We are pleased to announce the winners of the 9th Annual Project Healing Waters Fly Fishing National Fly Tying Competition! Following an exciting Public Judging Round (during which over 3,000 votes were cast!), six finalists in each category proceeded to the Finals Round to be judged by an expert panel who determined 1st, 2nd & 3rd place in each category. Click here to meet the judges
Now in its 9th year, the Project Healing Waters Fly Tying Competition is focused on expanding the therapeutic experience for PHWFF disabled veterans participants by giving them the opportunity to showcase their fly tying skills and creativity in a fun contest.
This category is for participants new to fly tying with less than one year of fly tying experience.
John Krahe: Stone and Eggs | PHWFF Erie, PA
I am a Iraq combat veteran. I have a total of 26 years of service . 12 years with the active Marines and 14 years with the Army NG. I looked into PHWFF at the request of one of my therapists. Never thinking it would do anything I figured I would go and ” check the box .” Boy was I wrong. I find nothing better then standing in the cold stream listening to the water babbling along.
I love that I can actually create something with my own hands, that isn’t destructive and helps me clear my mind. It has helped with patience and to try and be creative.
Jon Krahe, PHWFF Erie, PA
Sean Brown: Quill Body BWO | PHWFF Joint Base Lewis-McChord, WA
I struggled for a long time after the Army. I felt lost and empty. When I found fly tying something inside of me just clicked. I found focus and calm, it was like someone turned off the noise. It has made me a better problem solver, more patient, and thoughtful. When your thread breaks or something doesn’t go right you can get upset or you can learn a new way to do something. Worst case, the way not to do something. This has made me a better student, a better person, and a more complete individual and I am very thankful for all the help from the guys in the JBLM program.
This was the first fly I ever played with to find the right recipe for what I was trying to do. I started out with a pattern I got from George Daniel and started changing things based on what I had, then it morphed into trying to create a personal go to that was a quick tie, and durable. I tried different UV resins, synthetic quills, real quills, with the red collar, without the red collar, etc. but this has been my favorite. Mainly because this has been the most durable, but also because it has worked in just about every situation I have fished it.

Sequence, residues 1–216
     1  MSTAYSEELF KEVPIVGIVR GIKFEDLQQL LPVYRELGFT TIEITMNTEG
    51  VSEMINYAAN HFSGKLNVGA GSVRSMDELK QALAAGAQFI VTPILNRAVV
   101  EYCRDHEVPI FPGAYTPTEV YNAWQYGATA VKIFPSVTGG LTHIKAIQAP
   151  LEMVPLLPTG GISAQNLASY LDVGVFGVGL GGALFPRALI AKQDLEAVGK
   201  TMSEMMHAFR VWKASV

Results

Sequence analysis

Sean Brown, PHWFF JBLM WA
Alexander Ward: Wally Wing Mayfly | PHWFF Atlanta, GA
I wanted to express the simplicity in materials and focus on technique.
Those rough days and nights when I can’t get on the water, fly tying has filled that void until I can get out and cast a line. Tying has not only been a stop-gap for me but has elevated my experience on the water. Having a productive day on the water with a fly that I tied has been a game-changer. I no longer dread losing flies. I look at it as an excuse to tie more for the next trip.
Alex Ward , PHWFF Atlanta, GA
This category is for participants with two to three years of fly tying experience.
John Rister: Peacock Jewel Moth Imitation | PHWFF Chattanooga, TN
I wanted to do something natural but also with pretty colors. I stared looking at various moth and butterfly images on the net. I came across the Peacock Jewel Moth and was amazed at how beautiful it was and how the hgw colors popped. So I set out to figure out how to make one. I started with some amherst feathers and tied them on a hook to see if I could even get them to sit like wings. Once I new I could I got my materials together and had to figure out how to shape the wings. So i made a template that a used to rough cut the wings to form and then had to freehand sculpt them to get the flowing natural shape I was looking for.
I enjoy the peace and tranquility in fly tying. A stressful day at work can go easily be fixed by a fly tying session. I also enjoy that I can make something beautiful like I attempted to do with my moth imitation or crank out quick and functional flies for your next fishing trip. You can be as simple or as complicated as you want. My father and grandfather were excellent woodworkers. Me not so much. But I feel like fly tying is my woodworking. I won’t say it comes easily but I can look at material and envision a fly and sit down and tie that fly. This is what i enjoy about fly tying.John Rister, PHWFF Chattanooga, TN
Justin Fordice: Classic Stonefly | PHWFF Joint Base Lewis-McChord, WA